Culture and Assimilation

“Some of the lard was for old traditions and they were put in the bladder, just not to forget how we did things in the old country.” –Mary Nicolovo Juliana, born in Italy

“You have to look at food as a manifestation of ethnicity.” –Phil Notarriani, PhD, b. 1948 in Salt Lake City

Italian immigrants commonly made their own food—including bread, sausage, and cheese—both as a way to stretch their incomes and as a celebration of Italian culture. Mary Lupo recounts how she made bread for people out of work. Remo Spigarelli says, “I never bought a loaf of bread, as long as I remember. My mother always made bread once a week.” When they didn’t make their own Italian foods, immigrants in Utah found Italian goods from merchants. During Prohibition, making wine and whiskey was a way for Italian-Americans to make extra money. Joseph Dalpaiz tells how one year his father had nineteen train cars full of grapes shipped to him for the purpose of making wine. Phil Notarriani’s father, a shoemaker, had a wine press made from parts that workers in the copper mines at Magna had machined for him. The sheriff would even stop by from time to time, saying, “I don’t want to know where you get it, but I could sure use a glass of wine!”

Music served as another meaningful cultural tie for Italian immigrants. The narrators of the oral histories mentioned mandolin music and dancing la tarantella. Cultural influence also flowed back from the United States to Italy. Immigrants wrote letters to relatives and returned for visits. Phil Notarriani tells of meeting a man in Italy wearing a Utah Woolen Mills suit given to him by his cousins, tailors in Salt Lake City.


Thomas Angotti, Alfonso Cairo, and Filippo Notarriani in the 1920s, Magna, Utah. Utah State Historical Society.

“The only trouble is that we got a little different way of living to some extent, and we don’t speak the language and they think we are dumb for sure.” –Tony Frugni, born 1898 in northern Italy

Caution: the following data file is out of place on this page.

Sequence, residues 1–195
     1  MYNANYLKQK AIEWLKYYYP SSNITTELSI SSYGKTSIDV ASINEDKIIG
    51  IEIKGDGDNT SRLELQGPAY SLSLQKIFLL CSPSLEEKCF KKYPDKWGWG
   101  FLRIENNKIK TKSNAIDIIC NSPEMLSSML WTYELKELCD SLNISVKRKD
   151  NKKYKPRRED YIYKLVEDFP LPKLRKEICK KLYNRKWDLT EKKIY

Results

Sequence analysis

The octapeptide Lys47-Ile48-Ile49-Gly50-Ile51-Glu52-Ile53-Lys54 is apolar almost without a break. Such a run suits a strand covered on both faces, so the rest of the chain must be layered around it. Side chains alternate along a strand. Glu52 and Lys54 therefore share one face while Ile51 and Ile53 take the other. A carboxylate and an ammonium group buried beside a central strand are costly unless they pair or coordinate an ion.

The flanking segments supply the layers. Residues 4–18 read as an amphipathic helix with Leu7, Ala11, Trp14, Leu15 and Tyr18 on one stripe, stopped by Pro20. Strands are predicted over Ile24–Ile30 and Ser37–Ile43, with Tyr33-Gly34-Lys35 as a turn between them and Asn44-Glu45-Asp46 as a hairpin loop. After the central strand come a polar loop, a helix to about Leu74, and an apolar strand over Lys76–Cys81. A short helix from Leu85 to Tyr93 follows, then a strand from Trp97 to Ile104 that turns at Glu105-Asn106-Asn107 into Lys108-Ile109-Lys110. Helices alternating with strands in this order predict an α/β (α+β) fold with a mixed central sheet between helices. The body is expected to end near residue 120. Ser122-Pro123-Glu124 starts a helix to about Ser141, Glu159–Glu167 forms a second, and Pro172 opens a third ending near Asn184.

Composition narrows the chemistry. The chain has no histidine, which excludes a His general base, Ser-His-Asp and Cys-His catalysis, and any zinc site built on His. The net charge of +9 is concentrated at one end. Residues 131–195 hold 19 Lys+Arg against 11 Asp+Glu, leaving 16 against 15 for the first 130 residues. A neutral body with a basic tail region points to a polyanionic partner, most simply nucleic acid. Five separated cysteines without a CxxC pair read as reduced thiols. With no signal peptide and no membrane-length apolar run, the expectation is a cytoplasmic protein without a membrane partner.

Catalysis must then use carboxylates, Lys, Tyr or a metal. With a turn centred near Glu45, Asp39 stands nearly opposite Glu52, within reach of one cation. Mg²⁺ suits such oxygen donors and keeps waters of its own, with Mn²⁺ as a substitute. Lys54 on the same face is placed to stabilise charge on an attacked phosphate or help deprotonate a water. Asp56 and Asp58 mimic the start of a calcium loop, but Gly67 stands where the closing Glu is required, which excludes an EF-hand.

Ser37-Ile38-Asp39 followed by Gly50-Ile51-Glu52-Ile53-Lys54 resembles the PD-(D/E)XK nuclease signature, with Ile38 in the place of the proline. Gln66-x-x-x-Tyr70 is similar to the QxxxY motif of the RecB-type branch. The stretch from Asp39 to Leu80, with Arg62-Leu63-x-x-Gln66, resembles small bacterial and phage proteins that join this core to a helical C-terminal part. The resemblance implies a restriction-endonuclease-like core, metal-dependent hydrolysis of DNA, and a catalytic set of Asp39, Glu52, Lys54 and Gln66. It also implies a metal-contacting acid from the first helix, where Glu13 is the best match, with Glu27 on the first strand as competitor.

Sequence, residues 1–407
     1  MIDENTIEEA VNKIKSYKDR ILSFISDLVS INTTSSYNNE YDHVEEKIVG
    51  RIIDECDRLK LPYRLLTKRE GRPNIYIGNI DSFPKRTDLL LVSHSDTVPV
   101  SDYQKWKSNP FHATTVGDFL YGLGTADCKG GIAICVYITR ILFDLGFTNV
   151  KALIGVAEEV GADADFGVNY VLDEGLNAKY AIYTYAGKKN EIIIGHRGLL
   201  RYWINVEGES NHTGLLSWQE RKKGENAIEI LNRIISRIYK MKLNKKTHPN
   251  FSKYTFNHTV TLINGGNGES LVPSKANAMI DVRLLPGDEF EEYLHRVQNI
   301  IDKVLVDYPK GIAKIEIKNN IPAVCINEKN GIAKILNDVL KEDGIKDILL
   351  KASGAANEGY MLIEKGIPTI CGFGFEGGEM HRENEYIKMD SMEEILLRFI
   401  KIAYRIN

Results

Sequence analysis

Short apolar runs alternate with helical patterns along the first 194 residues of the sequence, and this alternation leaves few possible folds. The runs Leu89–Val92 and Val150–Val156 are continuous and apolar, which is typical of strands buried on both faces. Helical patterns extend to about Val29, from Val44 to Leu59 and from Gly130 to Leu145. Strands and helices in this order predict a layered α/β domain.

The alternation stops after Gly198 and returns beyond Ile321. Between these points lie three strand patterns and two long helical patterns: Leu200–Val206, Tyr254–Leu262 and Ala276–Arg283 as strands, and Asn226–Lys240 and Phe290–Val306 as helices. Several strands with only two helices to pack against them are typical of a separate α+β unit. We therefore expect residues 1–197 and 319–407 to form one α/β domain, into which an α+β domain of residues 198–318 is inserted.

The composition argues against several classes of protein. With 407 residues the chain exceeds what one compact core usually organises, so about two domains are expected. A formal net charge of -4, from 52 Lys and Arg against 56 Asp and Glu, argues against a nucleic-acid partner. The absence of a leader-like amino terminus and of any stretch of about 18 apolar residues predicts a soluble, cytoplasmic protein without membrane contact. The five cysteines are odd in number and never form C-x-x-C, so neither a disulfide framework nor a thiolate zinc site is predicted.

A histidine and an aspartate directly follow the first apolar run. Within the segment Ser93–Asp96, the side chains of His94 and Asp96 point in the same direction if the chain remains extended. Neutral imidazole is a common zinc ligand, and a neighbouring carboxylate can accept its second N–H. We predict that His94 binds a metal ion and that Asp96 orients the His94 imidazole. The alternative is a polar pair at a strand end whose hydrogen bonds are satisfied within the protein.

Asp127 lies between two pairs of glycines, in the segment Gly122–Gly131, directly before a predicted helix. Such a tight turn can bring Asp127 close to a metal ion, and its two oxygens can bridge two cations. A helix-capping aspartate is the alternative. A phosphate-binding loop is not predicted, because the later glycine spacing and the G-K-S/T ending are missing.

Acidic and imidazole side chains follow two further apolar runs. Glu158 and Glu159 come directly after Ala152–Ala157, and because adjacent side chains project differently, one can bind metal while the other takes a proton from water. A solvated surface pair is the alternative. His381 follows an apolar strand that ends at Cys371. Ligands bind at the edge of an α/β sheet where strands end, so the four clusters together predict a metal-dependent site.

Italians in Utah faced prejudice from Anglo-Americans and northern European immigrants who were unfamiliar with their customs. Even within the Italian community, Northern Italians looked down on Southern Italians. In trying to assimilate, Italians faced obstacles. Phil Notarriani tells of a childhood friend in the 1960s whose classmates teased him because he ate spaghetti. Ralph Fossat’s family name used to be Fossati; Anglicizing surnames was a common practice for immigrants who wanted to appear less foreign.

Anti-immigrant sentiment could be very serious. The Ku Klux Klan had a presence in Utah during its resurgence in the 1920s, and they lynched a black man in Helper in 1922. The Klan gained support from nativists distrustful of the Catholicism of Southern and Eastern Europeans and from those opposed to labor unions full of immigrant miners. Joseph Dalpaiz says, “Every nationality suffered certain prejudices.” Despite ethnic differences, Italians and other nationalities got along in the mining camps. Phil Notarriani recounts how people of all ethnicities depended on each other while working in the mines, even if ethnic divisions arose again once back in town.


An Italian wedding in Carbon County. Marriott Library.

“My folks mingled with the public so many years, and we were in a Mormon community and we chased with the Mormon children and everything, and I married a Mormon woman.” –Ralph Fossat, b. 1918, Helper, Utah

Religion was of varying importance to individuals within the Italian community. Not every community in Utah had a Catholic church. Some attended Catholic mass more often upon migrating to the United States as a way of keeping in touch with Italian culture, according to Phil Notarriani, but some only attended on holidays. Mary Juliana says, “I don’t think there is any Italian that will eat meat on Friday if he has any sense left,” referring to the custom of abstaining from meat on Fridays. But Pasquale Tunno laughs about how a woman in the US told him, “Honey, you’d better eat some meat because in this country, nobody watches.”

Civic engagement was a way for Italian-Americans to stay connected with one another while also boosting the image of Italians in Utah communities. With few other ceremonies that called for public gatherings, Columbus Day was an important holiday to Italian-Americans, and St. John’s Day held significance for devout Catholics. Notarriani tells how Italians in Magna put their own spin on Utah’s Pioneer Day holiday with a Christopher Columbus float. Fraternal organizations such as the Societa’ Di Beneficenza in Bingham Canyon and the Italian-American Civic League in Salt Lake City helped Italians to represent their culture to Utahns. The fraternal organizations and mutual aid societies also assisted union organizers, who gained access to tight-knit ethnic communities through them.


Italian Pioneer Day float celebrating Christopher Columbus, 1924, Magna, Utah. From The Peoples of Utah by Helen Z. Papanikolas.